SCOTUS Is Not Unique

Within Judge Jackson’s nomination and confirmation hearings, there is a lesson for organizational leadership. Finding the best candidate for any job requires an intentionally inclusive recruiting, hiring, and evaluation process in order to mitigate unconscious bias and address the hidden, inherited, and systemic biases within our existing processes and systems. When organizations invest in inclusive hiring practices, they see better outcomes, inarguably – whether those organizations are first-year start-ups, Fortune 500 corporations, membership-based associations, or the Supreme Court of the United States.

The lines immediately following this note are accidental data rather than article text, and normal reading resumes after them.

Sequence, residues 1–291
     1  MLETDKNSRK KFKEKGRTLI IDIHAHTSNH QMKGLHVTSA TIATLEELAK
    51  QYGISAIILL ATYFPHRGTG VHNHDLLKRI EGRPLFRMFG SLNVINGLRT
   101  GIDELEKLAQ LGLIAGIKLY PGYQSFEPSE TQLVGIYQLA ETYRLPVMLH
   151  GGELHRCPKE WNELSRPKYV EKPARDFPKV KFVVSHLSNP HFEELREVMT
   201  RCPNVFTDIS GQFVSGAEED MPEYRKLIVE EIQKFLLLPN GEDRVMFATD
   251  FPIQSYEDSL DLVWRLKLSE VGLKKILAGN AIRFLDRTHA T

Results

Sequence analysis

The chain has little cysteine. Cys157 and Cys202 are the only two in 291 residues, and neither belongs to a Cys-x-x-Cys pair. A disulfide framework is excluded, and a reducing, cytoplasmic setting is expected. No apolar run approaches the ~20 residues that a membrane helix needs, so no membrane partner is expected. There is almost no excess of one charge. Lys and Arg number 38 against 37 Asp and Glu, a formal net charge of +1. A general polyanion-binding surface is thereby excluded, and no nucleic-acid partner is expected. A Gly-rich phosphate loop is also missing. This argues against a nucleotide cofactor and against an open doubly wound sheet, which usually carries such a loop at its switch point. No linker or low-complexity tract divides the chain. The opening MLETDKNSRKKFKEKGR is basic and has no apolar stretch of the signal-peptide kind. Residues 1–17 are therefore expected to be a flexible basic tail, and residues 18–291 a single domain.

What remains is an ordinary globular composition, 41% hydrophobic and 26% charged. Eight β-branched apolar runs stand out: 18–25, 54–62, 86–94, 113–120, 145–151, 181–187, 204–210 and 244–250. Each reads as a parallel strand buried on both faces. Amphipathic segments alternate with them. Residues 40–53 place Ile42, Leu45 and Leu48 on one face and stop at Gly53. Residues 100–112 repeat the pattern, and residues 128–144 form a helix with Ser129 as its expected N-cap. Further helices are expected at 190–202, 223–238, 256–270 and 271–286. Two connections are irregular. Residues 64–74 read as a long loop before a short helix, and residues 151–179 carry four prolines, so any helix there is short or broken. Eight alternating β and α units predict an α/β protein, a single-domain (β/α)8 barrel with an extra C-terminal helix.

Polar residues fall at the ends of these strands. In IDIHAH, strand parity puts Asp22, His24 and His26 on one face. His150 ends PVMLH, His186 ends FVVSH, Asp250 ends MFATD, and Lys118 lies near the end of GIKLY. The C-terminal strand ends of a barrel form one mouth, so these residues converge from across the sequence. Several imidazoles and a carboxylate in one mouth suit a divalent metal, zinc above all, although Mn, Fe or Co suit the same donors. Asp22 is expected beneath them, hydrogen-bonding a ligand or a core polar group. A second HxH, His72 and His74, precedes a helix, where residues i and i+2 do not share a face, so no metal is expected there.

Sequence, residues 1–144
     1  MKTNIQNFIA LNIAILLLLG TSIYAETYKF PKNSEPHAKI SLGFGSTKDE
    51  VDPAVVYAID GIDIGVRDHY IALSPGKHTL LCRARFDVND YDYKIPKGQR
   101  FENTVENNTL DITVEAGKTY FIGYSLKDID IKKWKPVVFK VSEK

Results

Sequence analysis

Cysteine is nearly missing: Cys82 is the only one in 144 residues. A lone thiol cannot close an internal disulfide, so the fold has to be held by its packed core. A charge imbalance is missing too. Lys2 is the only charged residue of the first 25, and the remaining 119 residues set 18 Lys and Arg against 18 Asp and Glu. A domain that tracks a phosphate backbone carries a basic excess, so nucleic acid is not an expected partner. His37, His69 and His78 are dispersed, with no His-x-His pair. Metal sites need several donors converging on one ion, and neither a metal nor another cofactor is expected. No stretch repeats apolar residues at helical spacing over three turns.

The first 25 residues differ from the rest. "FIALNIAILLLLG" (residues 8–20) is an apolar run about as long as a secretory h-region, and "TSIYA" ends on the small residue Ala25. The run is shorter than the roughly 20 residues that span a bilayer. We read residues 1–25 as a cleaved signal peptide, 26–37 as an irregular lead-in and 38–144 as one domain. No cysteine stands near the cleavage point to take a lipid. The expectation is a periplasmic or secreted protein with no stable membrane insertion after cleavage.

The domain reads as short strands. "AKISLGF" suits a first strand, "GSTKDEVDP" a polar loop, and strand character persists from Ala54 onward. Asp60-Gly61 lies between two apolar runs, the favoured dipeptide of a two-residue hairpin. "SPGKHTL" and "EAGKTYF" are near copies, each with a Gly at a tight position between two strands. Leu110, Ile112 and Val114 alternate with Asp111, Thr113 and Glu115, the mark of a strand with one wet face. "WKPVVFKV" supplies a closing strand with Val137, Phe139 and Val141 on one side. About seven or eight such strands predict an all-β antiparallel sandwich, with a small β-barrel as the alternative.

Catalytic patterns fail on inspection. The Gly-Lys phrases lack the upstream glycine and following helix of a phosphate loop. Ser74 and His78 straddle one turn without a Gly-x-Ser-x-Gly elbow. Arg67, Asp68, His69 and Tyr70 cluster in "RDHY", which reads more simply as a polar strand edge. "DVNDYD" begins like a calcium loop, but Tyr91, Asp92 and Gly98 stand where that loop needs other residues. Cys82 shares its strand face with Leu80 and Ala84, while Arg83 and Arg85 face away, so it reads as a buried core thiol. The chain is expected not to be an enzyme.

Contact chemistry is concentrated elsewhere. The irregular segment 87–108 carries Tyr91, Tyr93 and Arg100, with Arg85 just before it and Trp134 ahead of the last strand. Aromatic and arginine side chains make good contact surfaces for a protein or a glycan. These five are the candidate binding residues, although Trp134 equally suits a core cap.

To learn more, watch our on-demand webinar, “How to Lead an Inclusive Interview Process” and join our DEI Navigator subscription service to receive the member-exclusive “Best Practices for Inclusive Hiring” guide. 

Connect with our team to get started.